Before You Buy: Know Your Rights - Printable Version
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Before You Buy: Know Your Rights - Neko - 14-11-2009 10:22 PM
Four very useful rights to bear in mind when buying online, as laid out in the Goods and Services Act. These cannot be ignored by your retailer, so if you have problems with a purchase, point to them and press on.
1) If Things Break
"[Goods] must be as described. [They] must be of satisfactory quality, sufficiently durable, free from any defects."
First month: reject and return for refund. You have a right to a cash refund, not store credit.
First 6 months: replacement or repair. In the event of dispute, you do not have to prove that the goods are broken; the retailer has to prove that they are not. If they cannot demonstrate the item working, then it is broken - so the PC shop that tells you you're using it wrong had better know how to make it run.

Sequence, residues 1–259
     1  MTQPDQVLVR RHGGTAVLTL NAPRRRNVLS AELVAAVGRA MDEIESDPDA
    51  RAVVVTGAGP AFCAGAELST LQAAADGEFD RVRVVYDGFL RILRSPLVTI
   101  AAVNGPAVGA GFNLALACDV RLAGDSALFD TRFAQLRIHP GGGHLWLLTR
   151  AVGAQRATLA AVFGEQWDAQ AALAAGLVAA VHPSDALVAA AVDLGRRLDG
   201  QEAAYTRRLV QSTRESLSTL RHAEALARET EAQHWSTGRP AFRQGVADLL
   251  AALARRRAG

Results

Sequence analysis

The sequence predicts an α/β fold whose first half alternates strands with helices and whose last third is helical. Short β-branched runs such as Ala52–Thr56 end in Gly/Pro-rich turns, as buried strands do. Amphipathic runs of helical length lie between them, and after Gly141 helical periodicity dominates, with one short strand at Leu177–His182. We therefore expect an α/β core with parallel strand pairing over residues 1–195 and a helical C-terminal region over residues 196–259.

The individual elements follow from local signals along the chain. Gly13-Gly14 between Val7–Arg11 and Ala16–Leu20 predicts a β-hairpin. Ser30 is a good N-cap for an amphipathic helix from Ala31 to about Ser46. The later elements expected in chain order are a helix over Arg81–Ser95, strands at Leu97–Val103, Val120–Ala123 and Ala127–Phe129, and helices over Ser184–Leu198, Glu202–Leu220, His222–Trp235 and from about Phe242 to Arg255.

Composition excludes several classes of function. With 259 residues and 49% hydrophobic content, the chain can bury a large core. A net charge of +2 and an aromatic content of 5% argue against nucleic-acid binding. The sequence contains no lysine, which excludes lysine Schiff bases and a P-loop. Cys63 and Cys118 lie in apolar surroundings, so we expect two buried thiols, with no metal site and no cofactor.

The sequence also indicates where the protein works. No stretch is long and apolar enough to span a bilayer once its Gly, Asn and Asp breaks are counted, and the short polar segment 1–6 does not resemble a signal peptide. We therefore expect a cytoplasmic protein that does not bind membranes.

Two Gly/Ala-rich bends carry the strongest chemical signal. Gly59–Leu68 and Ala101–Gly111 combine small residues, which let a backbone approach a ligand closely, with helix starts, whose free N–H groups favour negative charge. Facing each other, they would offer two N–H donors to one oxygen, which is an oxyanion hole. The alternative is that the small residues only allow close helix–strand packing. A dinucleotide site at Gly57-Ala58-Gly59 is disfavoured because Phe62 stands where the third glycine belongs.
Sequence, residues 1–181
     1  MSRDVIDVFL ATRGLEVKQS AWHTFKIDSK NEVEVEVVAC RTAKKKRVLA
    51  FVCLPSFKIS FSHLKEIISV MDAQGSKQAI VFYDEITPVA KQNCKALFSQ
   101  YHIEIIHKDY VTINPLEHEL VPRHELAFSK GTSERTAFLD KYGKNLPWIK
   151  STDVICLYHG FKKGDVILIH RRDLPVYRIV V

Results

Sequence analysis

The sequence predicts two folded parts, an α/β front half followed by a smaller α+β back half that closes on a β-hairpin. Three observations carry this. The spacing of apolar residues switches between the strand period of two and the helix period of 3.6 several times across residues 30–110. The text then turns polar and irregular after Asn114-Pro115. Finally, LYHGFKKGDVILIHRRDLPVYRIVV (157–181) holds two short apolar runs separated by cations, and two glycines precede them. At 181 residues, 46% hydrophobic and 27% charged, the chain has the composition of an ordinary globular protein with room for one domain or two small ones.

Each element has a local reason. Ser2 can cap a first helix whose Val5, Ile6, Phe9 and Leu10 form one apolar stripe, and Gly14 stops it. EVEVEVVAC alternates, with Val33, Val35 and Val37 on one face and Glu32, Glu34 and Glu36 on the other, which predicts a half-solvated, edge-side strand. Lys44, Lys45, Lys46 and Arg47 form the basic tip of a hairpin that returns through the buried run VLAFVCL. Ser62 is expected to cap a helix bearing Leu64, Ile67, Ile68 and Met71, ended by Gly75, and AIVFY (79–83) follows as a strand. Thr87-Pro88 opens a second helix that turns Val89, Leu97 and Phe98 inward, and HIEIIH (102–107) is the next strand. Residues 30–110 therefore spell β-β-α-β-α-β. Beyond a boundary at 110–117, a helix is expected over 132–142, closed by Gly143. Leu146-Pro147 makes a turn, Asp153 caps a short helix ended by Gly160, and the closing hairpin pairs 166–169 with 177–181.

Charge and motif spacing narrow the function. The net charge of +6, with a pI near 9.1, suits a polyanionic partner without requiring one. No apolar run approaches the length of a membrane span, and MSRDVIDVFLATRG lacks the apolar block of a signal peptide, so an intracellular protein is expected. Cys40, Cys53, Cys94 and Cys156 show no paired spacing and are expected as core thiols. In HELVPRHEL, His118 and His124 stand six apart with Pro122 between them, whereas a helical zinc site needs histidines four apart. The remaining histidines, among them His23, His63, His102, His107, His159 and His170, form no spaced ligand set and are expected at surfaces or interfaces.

Beyond 6 months: depends on the expected life of the product - but you can deal directly with the retailer. You do not have to accept being redirected to the manufacturer, it is the seller's job to sort it out.
2) Buy On Credit
"Your credit card provider is often liable."
Very useful to know is that if you order something costing Â£100-30,000 by credit card, watch the money go, but no goods arrive - it's the credit company's problem. Don't clear your credit balance until you've got the product in your hands and you've seen it working, and they'll fight for you, even if the retailer you bought from has gone bust.
3) Services are Like Goods
"[The act] does the same for services as the Sale of Goods Act does. The service provided has got to be provided with reasonable skill and care. The goods bit means the widget has got to be of satisfactory quality."
This means that if the PC repair shop charges you Â£50 and hasn't fixed the problem, you can demand a refund, or take it back and make them fix it at no extra charge.
4) Changed Your Mind
"When it comes to buying over the web, you're allowed to change your mind."
Within the first 7 days, you can send back any product for a refund, provided it is unopened. You are likely to be liable for return postage, but that's better than ending up with two identical items due to a Christmas mixup. Does not apply to perishable goods like food, magazines, tickets, or clothes that have been worn for more than a trying-on.
Full Article at the BBC website.
- Neko - 14-11-2009 10:22 PM
Oh, and would some admin be kind enough to sticky this one please? Ta